Who Is Their Main Guy?

I feel like I sort of gave this away. It's Luka Modrić.

Modrić is a dream of a midfielder; it feels absolutely ludicrous to try to list his areas of strength. No one is a greater master of tempo and timing than Modrić, whether calmly organizing a breakout from the back, or smoothly retaining possession and ensuring the ball's transit through the middle of the pitch into areas of danger, or finding the single deadly touch or artful redirect in the attacking third that punctures a back line and delivers a scoring opportunity from nothing. Just as much as Karim Benzema's brilliant goal-scoring and Vini Jr.'s electrifying solo jaunts up the left side, what powered Real Madrid's surprise Champions League triumph in 2021-22 was Modrić's unparalleled penchant for finding, or creating, the discrete moments of greatest leverage within the flows of a match, and seizing them.

Maybe that is all too abstract. It is a genuine joy to watch Modrić work his way out of a high and ferocious press deep in his own territory: Suddenly, with a deft turn on the first touch and a decisive ball played ahead, he has turned what looked like a rapidly closing trap into a freight-train counterattack. That's perhaps not an ideal job—picking the ball up a mile from the attacking third—for a 37-year-old with roughly a thousand lifetimes of the highest of high-level soccer behind him already, but Modrić makes an art of it. It is also an absolute blast to watch him fire a laser into the upper corner of the goal from 25 yards away, whether in open play or from a set piece. He does a ton of cool shit, is what I'm saying, and this World Cup will be the last time anybody gets to see him do it in a Croatia shirt.

Who Is Their Main Scoring Guy?

Well now! This remains to be seen. Croatia likes to play a lot of crosses in from the wings; it's the kind of team that generates a disproportionate share of its scoring from loose-ball chaos in front of the goal. One of the Croatian guys who is best at delivering those crosses, Tottenham's Ivan Perišić, also happens to have more national-team goals than anybody else on the squad. So maybe he will be the main guy who scores goals. Or maybe it will be Andrej Kramarić of 1899 Hoffenheim, who'll wear the No. 9 shirt for Croatia and who will spend much of his time in the World Cup offering his forehead as a big sweaty backboard for bank-shots. Or maybe, if Croatia can spare Modrić the work of starting attacks at the far end of the stadium in 100-degree desert heat (more on this in a second), the legend will do the goal-scoring himself.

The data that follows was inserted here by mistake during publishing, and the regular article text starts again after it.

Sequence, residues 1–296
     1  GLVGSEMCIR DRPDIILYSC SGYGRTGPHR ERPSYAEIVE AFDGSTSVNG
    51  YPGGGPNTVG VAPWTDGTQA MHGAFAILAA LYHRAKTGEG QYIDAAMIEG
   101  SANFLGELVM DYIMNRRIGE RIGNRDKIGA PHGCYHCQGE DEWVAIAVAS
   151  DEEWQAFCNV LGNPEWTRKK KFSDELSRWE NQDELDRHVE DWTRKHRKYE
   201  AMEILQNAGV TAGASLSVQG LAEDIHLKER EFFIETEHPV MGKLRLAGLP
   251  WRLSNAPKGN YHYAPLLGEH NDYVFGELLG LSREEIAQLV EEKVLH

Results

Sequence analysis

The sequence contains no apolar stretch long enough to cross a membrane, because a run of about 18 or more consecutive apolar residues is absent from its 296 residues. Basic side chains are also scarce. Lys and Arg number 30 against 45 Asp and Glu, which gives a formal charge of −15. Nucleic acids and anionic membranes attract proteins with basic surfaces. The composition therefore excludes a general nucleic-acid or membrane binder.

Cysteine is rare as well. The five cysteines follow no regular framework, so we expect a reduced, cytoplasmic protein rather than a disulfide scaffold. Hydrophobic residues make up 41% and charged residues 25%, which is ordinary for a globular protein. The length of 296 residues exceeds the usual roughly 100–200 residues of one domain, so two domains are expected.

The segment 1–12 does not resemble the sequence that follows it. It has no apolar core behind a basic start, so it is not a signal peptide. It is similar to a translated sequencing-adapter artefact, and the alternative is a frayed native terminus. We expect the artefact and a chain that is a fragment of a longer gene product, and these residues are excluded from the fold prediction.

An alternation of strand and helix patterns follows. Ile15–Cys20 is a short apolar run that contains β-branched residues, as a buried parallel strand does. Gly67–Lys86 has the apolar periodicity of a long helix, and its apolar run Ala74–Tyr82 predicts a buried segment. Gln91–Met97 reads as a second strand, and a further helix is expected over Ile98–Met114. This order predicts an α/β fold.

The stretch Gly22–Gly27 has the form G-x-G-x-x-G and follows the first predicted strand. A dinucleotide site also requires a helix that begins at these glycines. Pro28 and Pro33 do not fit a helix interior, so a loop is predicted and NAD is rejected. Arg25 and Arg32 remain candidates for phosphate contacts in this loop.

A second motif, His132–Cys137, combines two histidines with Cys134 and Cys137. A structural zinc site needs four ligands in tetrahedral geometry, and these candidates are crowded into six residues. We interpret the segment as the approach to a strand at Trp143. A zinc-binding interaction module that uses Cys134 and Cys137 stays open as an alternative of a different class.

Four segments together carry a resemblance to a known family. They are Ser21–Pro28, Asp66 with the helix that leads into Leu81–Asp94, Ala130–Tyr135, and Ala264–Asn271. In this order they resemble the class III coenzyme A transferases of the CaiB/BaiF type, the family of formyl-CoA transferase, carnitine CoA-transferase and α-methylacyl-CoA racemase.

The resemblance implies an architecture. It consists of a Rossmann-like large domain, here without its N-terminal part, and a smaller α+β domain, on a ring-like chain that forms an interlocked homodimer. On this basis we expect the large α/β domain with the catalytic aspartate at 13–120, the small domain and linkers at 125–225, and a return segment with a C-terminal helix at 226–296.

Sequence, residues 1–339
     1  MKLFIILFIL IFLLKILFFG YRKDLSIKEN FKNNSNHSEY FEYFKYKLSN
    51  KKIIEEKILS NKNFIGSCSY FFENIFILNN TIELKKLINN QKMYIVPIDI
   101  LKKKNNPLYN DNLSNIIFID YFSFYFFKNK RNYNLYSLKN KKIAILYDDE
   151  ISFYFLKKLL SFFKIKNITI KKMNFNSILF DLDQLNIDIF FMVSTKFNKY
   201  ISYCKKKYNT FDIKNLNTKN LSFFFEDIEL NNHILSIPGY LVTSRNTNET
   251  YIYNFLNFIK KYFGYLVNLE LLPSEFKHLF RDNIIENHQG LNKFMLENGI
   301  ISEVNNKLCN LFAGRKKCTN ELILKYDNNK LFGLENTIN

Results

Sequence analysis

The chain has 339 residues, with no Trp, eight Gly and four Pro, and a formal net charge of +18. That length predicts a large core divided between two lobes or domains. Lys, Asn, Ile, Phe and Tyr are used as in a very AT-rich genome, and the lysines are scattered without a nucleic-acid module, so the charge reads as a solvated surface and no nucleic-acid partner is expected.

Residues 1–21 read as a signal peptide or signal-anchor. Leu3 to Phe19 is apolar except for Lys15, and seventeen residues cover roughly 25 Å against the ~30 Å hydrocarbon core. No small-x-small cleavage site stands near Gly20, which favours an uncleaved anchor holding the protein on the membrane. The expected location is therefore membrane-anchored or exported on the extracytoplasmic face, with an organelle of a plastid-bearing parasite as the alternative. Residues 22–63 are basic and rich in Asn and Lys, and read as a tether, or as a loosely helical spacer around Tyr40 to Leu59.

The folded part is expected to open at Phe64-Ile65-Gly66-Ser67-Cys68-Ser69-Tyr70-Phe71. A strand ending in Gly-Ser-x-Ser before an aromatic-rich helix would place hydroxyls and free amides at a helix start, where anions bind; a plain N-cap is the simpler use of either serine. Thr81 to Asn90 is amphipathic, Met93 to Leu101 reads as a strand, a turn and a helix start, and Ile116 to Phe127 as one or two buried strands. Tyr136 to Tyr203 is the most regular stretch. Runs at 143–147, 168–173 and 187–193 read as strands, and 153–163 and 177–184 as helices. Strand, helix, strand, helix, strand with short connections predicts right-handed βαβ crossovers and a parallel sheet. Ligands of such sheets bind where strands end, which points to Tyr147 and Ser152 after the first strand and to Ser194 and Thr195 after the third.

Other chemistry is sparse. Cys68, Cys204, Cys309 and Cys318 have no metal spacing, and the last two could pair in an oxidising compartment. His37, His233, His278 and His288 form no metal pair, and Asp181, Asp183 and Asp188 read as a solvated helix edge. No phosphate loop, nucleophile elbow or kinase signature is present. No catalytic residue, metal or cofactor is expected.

Where’s The Beef?

Which teams or players does Croatia not like? Do Croatia’s players like each other? We investigate Croatia’s potential enemies.

Croatia and Serbia do not get along. They're uncomfortable neighbors and have been on the opposite side of literal wars. In the NBA, Croatian and Serbian players have been known to make poor teammates to each other. Their fans extra especially do not get along. If the two teams both win their groups, or both finish second in their groups, they can meet in the final; if Croatia wins its group (not completely out of the question) and Serbia finishes second in Group G, or vice versa (also not out of the question), they can meet in the quarterfinal.

Most Likely To Go David Ospina Or James Rodríguez Mode

Who is Croatia’s best candidate for a breakout performance that earns them a career-changing transfer? Might this potential post-tournament transfer go well, like when Colombia’s James Rodríguez went to Real Madrid after starring in the 2014 World Cup? Or could it go poorly, like when Colombia’s David Ospina went to Arsenal after starring in the 2014 World Cup?

Croatia's midfield guys, Modrić in particular, are old. If all three of them have to spend 90 minutes sprinting back to pick up the ball on the edge of their own 18-yard box just to give Croatia a chance of maintaining possession and building attacks, for as splendid as they might be in this task they are going to melt and die. If they are able to hang out farther up the pitch, closer to the attacking guys, Croatia will have an infinitely better shot at scoring goals and going far in the tournament. For the latter scenario to happen, Croatia's back-line guys will need to do a capable job of advancing the ball on their own, with dribbles and passes. They cannot afford to be a bunch of Harry Maguires back there.